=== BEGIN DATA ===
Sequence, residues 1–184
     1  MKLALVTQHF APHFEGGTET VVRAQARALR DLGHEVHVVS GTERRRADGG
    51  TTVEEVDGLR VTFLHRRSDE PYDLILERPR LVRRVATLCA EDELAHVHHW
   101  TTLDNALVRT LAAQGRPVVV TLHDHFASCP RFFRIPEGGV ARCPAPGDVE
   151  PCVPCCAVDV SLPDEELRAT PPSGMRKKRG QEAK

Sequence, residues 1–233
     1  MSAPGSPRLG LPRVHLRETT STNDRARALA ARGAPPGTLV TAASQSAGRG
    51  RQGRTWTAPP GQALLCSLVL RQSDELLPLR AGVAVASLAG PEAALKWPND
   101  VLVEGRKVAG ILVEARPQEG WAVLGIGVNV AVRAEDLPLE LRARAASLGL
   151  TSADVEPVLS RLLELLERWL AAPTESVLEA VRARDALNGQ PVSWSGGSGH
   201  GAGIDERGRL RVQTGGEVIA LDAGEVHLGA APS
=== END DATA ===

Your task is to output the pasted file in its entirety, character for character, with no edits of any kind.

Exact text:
Sequence, residues 1–184
     1  MKLALVTQHF APHFEGGTET VVRAQARALR DLGHEVHVVS GTERRRADGG
    51  TTVEEVDGLR VTFLHRRSDE PYDLILERPR LVRRVATLCA EDELAHVHHW
   101  TTLDNALVRT LAAQGRPVVV TLHDHFASCP RFFRIPEGGV ARCPAPGDVE
   151  PCVPCCAVDV SLPDEELRAT PPSGMRKKRG QEAK

Sequence, residues 1–233
     1  MSAPGSPRLG LPRVHLRETT STNDRARALA ARGAPPGTLV TAASQSAGRG
    51  RQGRTWTAPP GQALLCSLVL RQSDELLPLR AGVAVASLAG PEAALKWPND
   101  VLVEGRKVAG ILVEARPQEG WAVLGIGVNV AVRAEDLPLE LRARAASLGL
   151  TSADVEPVLS RLLELLERWL AAPTESVLEA VRARDALNGQ PVSWSGGSGH
   201  GAGIDERGRL RVQTGGEVIA LDAGEVHLGA APS